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July 23, 2013

2013-Issue 30—On April 1, 2013, the Internal Revenue Service issued proposed regulations providing guidance on the $500,000 deduction limitation for compensation paid by covered health insurance providers (CHIPs) to employees. Don't think you're a CHIP? Keep reading, as this net cast by the IRS is likely to snag some companies not in the health insurance industry.

Background

The proposed regulations have their roots in the Patient Protection and Affordable Care Act, which added Section 162(m)(6) to the Internal Revenue Code. The rationale behind the statute was that health insurance companies would realize substantial revenue growth as a result of the Act's individual mandate to obtain health insurance, and that such windfalls should not be used to enrich highly compensated employees of health insurance companies.

Although we've seen this coming for a while, 2013 is the first year in which CHIPs' deduction on employee compensation will be affected. While the proposed regulations share the same code section as the better-known rules that limit the deduction for executive compensation to $1 million, that is where the similarities end. There are significant differences in the coverage and application of the $500,000 deduction limitation for compensation paid by CHIPs to employees.

According to the statute and the proposed regulations, a CHIP is any health insurance issuer that receives at least 25 percent of its health insurance premiums from providing "minimum essential coverage." If one entity of an aggregated group is considered a CHIP, the parent and all members of the aggregated group are also considered CHIPs, unless a de minimis exception is satisfied. To meet the de minimis exception, premiums received related to providing "minimum essential coverage" must be less than 2 percent of the gross revenues of the aggregated group. CHIP status is determined on a year-by-year basis.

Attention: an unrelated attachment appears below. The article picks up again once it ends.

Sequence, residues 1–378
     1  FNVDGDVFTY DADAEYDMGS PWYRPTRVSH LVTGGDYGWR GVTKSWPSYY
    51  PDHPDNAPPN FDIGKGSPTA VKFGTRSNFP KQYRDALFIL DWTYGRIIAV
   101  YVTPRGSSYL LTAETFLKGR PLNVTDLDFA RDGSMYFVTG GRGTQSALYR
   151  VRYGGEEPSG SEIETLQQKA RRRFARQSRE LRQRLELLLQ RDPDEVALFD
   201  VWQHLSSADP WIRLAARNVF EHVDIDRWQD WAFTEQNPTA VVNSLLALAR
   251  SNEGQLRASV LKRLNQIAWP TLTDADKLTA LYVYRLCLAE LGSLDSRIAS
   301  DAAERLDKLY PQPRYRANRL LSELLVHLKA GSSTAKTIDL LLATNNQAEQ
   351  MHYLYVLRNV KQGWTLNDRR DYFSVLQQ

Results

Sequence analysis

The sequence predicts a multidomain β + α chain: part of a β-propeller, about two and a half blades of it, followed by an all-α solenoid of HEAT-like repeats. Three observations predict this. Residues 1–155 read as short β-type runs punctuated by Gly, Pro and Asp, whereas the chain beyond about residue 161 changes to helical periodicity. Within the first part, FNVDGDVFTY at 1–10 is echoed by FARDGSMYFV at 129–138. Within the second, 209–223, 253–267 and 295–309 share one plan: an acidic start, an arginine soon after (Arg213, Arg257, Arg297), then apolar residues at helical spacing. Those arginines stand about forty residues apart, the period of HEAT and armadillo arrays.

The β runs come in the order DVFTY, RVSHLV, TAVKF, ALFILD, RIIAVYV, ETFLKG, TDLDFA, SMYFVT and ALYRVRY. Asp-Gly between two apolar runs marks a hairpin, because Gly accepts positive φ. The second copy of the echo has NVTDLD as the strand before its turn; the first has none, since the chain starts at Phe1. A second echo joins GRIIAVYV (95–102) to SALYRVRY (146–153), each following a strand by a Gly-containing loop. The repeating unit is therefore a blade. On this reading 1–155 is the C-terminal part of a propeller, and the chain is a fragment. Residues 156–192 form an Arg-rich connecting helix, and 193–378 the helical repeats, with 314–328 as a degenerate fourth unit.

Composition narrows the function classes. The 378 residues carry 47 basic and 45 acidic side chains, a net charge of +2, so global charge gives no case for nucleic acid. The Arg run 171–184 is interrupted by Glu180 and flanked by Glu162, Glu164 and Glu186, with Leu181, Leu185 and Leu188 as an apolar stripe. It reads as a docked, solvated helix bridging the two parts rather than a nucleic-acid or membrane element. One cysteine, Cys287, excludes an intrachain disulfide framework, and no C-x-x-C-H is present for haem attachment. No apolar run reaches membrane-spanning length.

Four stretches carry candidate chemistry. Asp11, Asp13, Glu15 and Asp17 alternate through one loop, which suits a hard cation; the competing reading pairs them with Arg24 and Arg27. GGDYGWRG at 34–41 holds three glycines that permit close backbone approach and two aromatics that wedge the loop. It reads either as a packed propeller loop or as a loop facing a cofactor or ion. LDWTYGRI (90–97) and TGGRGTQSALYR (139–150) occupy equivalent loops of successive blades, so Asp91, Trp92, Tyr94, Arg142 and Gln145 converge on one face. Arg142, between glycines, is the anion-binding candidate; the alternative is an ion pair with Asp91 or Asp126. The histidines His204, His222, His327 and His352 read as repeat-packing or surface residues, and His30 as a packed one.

So who, besides health insurance companies, will be affected? The preamble to the proposed regulations makes it clear that the Treasury Department and the IRS believe that a captive insurance company (better known simply as a "captive") is a CHIP if it otherwise meets the definition of a health insurance issuer under Section 162(m)(6)(C). Therefore, a captive (and its entire aggregated group) may be treated as a CHIP if it is licensed to engage in the business of insurance in a state and is subject to state law that regulates insurance.